Mixing the missions
Cal Fire began as the California Department of Forestry, a land management agency, albeit one with serious fire responsibilities. In 1974, under the pressures of postwar development, it became the California Department of Forestry and Fire Protection. In 2007 it collapsed that mission into Cal Fire, which operates like an urban fire service in the woods.
Decades ago, federal fire agencies gave up on suppression as a sole strategy. They recognized that the best way to control fire is to control the landscape, preferably through fire, and that eliminating all fires in places that have grown up with them only creates conditions that make wildfires worse. By contrast, for Cal Fire, the urgency of fires rolling into communities trumps all other tasks. If the last firefight fails, it has to double down for the next one.
Today the WUI is exerting a similar transformation at the national level. It threatens to become a black hole in America’s pyrogeography, drawing federal land agencies – primarily the U.S. Forest Service and the Interior Department’s Bureau of Land Management – away from managing fire as a means of managing land, and transforming them into urban fire-service surrogates and auxiliaries.
These agencies can and do help communities prepare for fires, but they do not have the tools, training or temperament to fight fire on an urban model. Cal Fire’s template is too expensive; moreover, it sucks resources away from managing fire well on the land, so it is too ineffective to serve nationally.
Turning the U.S. Forest Service into a National Fire Service may bring some relief to the WUI, but this would undermine the other missions in the agency’s charter, and ultimately weaken its ability to manage landscape fire. Already its fire mission is consuming over 50 percent of the Forest Service’s annual budget.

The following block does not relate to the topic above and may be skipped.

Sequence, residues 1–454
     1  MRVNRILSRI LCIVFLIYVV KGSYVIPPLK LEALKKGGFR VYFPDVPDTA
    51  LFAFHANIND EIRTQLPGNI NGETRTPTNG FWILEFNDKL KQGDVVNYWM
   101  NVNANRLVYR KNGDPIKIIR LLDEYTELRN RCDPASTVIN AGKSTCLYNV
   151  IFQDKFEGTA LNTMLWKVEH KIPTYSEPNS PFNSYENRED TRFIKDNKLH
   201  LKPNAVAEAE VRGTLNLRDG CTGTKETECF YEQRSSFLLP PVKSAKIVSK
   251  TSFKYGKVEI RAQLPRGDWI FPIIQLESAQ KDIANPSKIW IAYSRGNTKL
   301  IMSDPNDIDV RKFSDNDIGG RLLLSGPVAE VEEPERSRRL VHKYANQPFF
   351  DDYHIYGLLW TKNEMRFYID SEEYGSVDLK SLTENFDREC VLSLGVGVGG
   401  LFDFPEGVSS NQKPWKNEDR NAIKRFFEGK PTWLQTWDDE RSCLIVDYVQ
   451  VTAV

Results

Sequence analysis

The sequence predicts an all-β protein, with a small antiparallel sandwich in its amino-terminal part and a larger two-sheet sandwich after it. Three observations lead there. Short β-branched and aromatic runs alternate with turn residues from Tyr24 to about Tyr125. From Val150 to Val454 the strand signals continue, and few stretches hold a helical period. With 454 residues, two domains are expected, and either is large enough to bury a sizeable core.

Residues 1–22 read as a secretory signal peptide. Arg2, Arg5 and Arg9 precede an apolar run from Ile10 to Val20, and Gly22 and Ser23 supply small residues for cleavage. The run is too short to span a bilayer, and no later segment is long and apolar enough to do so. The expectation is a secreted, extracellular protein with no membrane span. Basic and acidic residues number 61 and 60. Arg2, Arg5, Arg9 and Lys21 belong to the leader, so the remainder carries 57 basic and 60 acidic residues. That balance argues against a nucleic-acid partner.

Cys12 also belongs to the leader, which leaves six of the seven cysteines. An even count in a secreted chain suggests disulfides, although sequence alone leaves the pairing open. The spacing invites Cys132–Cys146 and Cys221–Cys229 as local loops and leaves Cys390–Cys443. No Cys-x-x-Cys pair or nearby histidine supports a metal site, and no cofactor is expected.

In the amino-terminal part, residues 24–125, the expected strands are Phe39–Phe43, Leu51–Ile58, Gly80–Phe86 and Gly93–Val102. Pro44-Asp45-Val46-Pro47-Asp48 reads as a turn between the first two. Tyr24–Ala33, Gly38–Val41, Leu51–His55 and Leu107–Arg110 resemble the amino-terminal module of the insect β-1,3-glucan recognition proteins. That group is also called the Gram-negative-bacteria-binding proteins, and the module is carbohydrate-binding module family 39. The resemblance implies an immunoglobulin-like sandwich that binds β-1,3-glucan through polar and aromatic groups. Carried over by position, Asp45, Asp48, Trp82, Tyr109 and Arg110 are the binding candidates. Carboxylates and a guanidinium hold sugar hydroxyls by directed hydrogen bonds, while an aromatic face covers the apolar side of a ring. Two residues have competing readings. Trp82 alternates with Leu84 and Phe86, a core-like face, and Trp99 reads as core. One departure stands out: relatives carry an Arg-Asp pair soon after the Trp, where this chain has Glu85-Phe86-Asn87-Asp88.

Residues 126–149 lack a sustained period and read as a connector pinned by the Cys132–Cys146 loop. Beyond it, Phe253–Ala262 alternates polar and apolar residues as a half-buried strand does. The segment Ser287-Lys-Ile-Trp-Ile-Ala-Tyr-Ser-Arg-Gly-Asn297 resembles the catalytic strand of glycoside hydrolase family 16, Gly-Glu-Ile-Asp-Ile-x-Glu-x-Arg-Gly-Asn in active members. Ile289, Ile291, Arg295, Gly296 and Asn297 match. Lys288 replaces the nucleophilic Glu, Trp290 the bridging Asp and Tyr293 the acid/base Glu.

Urban Enclaves in the Wild
Research repeatedly shows that the critical component in the WUI fire environment is the structure itself. Once a fire strikes the urban fringe it may morph into an urban conflagration, spreading from structure to structure, as happened in Santa Rosa, California, last fall. Clearly, the wildland fire community has to improve fire resilience in its lands, which should reduce the intensity of the threat. But the real action is in the built environment.
The fact that so many horrendous fires have started from power lines illustrates how fires mediate between the land and the ways we choose to live on it. Strengthening structures, bolstering urban fire services, treating WUI areas as built environment – this is where we will get the greatest paybacks.
In effect, we need to pick up the other end of the WUI stick. Think of these areas not as wildlands encumbered by houses, but as urban or exurban enclaves with peculiar landscaping. Defining the issue as fundamentally a wildland problem makes fixes difficult. Defining it as an urban problem makes solutions quickly apparent. The goal should be to segregate the two fire cultures and their habitats, and let each do what it does best.
Americans learned long ago how to keep cities from burning. And then, it seems, we forgot.
Stephen Pyne is Regents Professor in the School of Life Sciences at Arizona State University and the nation’s leading wildfire historian. This commentary originally appeared online at The Conversation.